In any WASH programme, there may be cultural, administrative or environmental issues to be considered. Inclusive engagement and negotiations with all stakeholders are required to understand and adapt WASH management approaches in line with these complex issues. A negotiated approach can help in bringing both town and rural administrations together to understand and manage the underlying complexities associated with each project.

Summary of Study Session 5

In Study Session 5, you have learned that:

  1. Social accountability means holding public officials and service providers to account for their actions and performance. It can improve service delivery and community empowerment in WASH projects.
  2. Factors that provide an enabling environment for social accountability include organised community groups, responsive government officials, access to information and sensitivity to culture and context.
  3. Mechanisms for social accountability include participation by citizens and community groups in project planning, budgeting and monitoring.
  4. The relationship between participation and social accountability is important in influencing government officials and community representatives to respect the wider community and bring about improvement of urban WASH services.
  5. Social responsibility is linked to personal accountability and refers to the attitudes of responsible citizens and organisations that consider the impacts of their actions on the wider community.

Self-Assessment Questions (SAQs) for Study Session 5

Now that you have completed this study session, you can assess how well you have achieved its Learning Outcomes by answering these questions.

SAQ 5.1 (tests Learning Outcomes 5.1 and 5.2)

Explain the difference between social accountability and personal accountability.


Social accountability is about citizens and communities holding public officials and service providers to account. Personal accountability applies to all individuals and is about each of us taking responsibility for our own actions and behaviour.

SAQ 5.2 (tests Learning Outcome 5.3)

Imagine you were part of a team that is planning the development of a new water supply source for a small town. Your team leader is a supporter of social accountability. Identify three ways in which the team could implement principles of social accountability during project planning.


  1. The team should ensure that the community is informed about the plans by providing clear and relevant information that is easy to understand.
  2. There should be opportunities for the community to participate in discussions about the plans. This could be by arranging public meetings or inviting representatives to discuss specific issues. It’s important to include all groups from the community in these discussions.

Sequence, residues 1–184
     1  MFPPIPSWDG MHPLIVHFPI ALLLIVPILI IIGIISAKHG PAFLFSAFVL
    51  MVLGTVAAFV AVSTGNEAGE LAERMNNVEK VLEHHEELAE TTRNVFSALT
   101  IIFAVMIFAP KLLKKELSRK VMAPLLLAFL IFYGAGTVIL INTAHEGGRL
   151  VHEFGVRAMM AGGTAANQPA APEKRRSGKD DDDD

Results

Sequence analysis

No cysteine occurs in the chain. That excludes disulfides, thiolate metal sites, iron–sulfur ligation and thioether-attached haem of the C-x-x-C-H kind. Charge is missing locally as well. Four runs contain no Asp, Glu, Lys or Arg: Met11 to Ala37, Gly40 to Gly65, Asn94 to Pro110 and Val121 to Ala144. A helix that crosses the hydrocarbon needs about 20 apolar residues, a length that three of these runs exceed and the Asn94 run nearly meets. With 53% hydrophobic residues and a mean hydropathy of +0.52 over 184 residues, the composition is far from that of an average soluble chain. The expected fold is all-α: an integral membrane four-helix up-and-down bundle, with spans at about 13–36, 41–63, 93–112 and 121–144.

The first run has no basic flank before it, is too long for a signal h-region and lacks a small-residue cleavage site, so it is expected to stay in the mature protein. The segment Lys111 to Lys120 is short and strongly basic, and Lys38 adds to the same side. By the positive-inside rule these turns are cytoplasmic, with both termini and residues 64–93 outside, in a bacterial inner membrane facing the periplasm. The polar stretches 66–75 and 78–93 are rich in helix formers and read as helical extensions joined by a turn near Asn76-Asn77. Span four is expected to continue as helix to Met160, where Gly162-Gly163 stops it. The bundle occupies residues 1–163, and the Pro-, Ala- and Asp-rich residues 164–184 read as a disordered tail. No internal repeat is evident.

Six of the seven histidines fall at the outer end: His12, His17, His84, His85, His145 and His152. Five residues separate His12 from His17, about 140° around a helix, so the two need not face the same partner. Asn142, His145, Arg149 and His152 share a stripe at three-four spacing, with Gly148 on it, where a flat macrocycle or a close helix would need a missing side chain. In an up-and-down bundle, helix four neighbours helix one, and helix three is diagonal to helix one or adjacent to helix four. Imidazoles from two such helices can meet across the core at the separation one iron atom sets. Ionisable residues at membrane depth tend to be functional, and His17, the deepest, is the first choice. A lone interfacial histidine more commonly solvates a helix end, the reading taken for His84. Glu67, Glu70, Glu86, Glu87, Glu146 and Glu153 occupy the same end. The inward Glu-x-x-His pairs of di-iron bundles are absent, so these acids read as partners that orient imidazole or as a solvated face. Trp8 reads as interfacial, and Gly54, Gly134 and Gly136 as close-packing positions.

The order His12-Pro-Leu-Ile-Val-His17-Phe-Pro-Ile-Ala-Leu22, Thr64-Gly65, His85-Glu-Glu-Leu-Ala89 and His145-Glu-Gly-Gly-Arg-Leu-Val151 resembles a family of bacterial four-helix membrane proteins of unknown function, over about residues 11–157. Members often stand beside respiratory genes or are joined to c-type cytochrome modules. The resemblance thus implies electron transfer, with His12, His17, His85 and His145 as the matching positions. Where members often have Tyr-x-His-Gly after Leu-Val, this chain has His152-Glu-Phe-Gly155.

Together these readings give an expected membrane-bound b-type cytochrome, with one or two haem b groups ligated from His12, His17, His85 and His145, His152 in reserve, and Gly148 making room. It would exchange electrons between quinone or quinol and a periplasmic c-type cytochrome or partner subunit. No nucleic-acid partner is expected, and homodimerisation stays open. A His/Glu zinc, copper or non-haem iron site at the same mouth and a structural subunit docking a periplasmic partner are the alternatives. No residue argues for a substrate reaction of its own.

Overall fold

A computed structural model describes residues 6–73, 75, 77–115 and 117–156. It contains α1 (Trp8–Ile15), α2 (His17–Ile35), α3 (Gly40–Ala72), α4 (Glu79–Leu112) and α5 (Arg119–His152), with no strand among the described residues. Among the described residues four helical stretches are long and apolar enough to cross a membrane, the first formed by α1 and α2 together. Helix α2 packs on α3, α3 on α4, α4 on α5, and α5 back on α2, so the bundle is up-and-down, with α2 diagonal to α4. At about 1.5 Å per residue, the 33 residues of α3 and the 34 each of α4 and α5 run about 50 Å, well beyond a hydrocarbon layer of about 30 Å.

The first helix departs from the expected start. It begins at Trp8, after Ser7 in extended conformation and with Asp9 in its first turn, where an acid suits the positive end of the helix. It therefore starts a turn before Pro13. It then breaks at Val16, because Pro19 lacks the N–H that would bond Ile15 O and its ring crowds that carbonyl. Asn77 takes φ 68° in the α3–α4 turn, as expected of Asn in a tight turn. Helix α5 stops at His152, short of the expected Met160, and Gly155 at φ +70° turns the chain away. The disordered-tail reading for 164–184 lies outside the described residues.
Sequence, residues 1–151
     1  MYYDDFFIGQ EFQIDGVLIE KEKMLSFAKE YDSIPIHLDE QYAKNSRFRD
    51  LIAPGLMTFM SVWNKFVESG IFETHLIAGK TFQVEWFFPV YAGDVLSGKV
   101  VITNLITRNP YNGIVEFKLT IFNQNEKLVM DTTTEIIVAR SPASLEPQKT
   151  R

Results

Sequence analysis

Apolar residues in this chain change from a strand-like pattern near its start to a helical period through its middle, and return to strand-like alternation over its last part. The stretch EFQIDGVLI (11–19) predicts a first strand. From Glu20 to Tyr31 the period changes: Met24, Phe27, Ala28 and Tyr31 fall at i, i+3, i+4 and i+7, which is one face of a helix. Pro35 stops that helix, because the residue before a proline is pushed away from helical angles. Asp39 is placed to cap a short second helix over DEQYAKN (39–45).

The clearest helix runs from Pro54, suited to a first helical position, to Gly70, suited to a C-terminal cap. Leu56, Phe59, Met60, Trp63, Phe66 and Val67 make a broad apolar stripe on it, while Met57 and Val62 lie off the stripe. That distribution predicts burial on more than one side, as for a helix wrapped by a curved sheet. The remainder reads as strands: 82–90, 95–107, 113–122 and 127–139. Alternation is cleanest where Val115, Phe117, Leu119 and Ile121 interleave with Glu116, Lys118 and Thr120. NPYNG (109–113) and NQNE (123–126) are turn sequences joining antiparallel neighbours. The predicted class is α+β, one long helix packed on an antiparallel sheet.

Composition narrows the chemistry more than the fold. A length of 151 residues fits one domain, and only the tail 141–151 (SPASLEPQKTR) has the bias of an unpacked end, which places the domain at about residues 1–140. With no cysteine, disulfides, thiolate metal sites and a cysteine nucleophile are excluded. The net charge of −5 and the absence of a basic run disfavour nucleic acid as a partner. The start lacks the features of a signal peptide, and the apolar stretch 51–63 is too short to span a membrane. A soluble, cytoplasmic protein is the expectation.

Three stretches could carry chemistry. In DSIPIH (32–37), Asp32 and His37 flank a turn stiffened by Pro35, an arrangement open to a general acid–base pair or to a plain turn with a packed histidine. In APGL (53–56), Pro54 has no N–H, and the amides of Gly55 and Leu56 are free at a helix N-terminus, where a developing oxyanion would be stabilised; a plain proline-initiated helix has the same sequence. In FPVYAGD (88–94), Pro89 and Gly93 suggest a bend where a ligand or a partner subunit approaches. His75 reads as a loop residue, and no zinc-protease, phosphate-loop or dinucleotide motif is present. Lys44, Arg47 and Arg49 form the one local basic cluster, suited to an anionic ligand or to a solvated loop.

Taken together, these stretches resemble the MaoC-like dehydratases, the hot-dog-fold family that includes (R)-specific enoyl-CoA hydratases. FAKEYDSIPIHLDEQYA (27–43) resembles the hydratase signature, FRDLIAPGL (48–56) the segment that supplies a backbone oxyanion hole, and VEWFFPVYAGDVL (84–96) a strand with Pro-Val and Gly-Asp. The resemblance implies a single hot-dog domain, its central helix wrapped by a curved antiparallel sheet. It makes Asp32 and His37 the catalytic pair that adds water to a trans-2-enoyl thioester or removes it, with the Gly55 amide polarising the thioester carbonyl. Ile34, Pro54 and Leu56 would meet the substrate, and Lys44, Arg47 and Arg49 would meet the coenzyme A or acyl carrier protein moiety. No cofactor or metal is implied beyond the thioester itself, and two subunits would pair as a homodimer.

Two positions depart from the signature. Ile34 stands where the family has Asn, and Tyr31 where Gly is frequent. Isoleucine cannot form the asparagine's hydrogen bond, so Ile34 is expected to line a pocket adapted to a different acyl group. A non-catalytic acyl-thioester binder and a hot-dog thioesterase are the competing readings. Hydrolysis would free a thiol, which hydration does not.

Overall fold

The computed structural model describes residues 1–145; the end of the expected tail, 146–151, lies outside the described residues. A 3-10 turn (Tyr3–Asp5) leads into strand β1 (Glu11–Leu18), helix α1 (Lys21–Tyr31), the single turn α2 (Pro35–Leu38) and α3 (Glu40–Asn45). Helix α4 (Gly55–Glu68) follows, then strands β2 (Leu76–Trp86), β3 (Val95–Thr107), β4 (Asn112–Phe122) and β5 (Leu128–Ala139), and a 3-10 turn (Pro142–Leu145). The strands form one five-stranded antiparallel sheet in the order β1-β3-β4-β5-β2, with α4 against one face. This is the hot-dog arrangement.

3. The community should be able to negotiate with the team about the plans so they know they have been listened to and that their opinions matter.

SAQ 5.3 (tests Learning Outcome 5.3)

When the project from SAQ 5.2 is complete, you now want to involve the community in evaluating its impact. Which social accountability mechanism would you apply in this case? What methods could you use and how might you go about it?


The social accountability mechanism involved here is that of monitoring the performance of projects. The method used is that of participatory performance monitoring. You could ask members of the community to complete citizen report cards or you could organise focus groups to help you evaluate the impact of the project.

SAQ 5.4 (tests Learning Outcome 5.3)

What factors are likely to determine the success of a specific social accountability method? Imagine that before planning a new WASH project, there is a public hearing to discuss the issues involved. Which of the factors you have identified is this an example of?


The selection and success rate of a specific social accountability method is determined by:

  • having effective mechanisms to communicate between the community and the service provider
  • the attitudes and capacities of citizens
  • the attitudes and capacities of the government officials involved
  • the existence of an enabling environment.

A public hearing to discuss issues would be a mechanism to communicate between the community and the service provider.

SAQ 5.5 (tests Learning Outcome 5.4)

Explain why open defecation could be described as socially irresponsible behaviour.


If someone is defecating in the open, their faeces could contaminate the environment. Rainwater could wash faecal material into rivers or other sources of water. This contamination could cause the spread of disease in the community. It is socially irresponsible because the person is not considering the potential harm to other people.